Mood Disorders in Women: Focus on Reproductive Psychiatry in the 21st Century

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Vivien K. Burt
Veronica Quezada


Mood Disorders, Women, Reproductive Psychiatry, 21st Century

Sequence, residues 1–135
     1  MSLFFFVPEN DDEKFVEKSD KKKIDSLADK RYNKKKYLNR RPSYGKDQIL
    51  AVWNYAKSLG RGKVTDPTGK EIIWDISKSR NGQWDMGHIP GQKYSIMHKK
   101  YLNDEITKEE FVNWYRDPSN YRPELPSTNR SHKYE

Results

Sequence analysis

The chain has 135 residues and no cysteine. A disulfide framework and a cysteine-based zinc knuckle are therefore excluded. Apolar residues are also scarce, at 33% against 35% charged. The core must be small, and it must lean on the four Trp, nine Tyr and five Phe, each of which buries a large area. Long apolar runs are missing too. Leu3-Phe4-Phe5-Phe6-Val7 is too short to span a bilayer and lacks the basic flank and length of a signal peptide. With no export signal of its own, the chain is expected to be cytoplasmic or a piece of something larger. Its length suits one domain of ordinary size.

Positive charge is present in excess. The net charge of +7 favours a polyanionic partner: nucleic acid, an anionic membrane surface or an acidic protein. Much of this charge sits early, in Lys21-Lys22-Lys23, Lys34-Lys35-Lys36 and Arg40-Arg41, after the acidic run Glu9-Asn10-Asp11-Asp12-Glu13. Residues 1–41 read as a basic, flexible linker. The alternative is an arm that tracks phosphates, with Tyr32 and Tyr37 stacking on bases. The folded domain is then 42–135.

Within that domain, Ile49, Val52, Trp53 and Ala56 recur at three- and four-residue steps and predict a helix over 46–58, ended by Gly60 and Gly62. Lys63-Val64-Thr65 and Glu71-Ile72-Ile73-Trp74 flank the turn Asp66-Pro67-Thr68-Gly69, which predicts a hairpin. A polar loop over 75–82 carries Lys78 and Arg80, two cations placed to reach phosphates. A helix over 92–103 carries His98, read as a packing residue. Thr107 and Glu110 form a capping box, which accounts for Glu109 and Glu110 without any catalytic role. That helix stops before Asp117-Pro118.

The burden of mental illness in general, and depression in particular, has long been underestimated.  One in 6 persons  in the United States will, at some point, suffer from major depression.1 Depression is second only to heart disease as a leading cause of medical disability in the   U.S.2     Women   are   vulnerable   to   mood instability at times of life-cycle related hormonal challenge (e.g., including the premenstruum, pregnancy, post-miscarriage, postpartum and perimenopause).3 Neurobiological, genetic, and psychosocial   substrates   underlie   the   increased vulnerability for depression in women. The significant negative impact of maternal depression on maternal and child health and psychological well-being and other possible consequences of chronic depression will be reviewed. The enormous  burden  of female  depression on women,  their children  and their families  has been well-documented over the past two decades. What remains is the need for serious, rigorously conducted research into effective and safe treatments  for depression  in women,  particularly at times of reproductive transition

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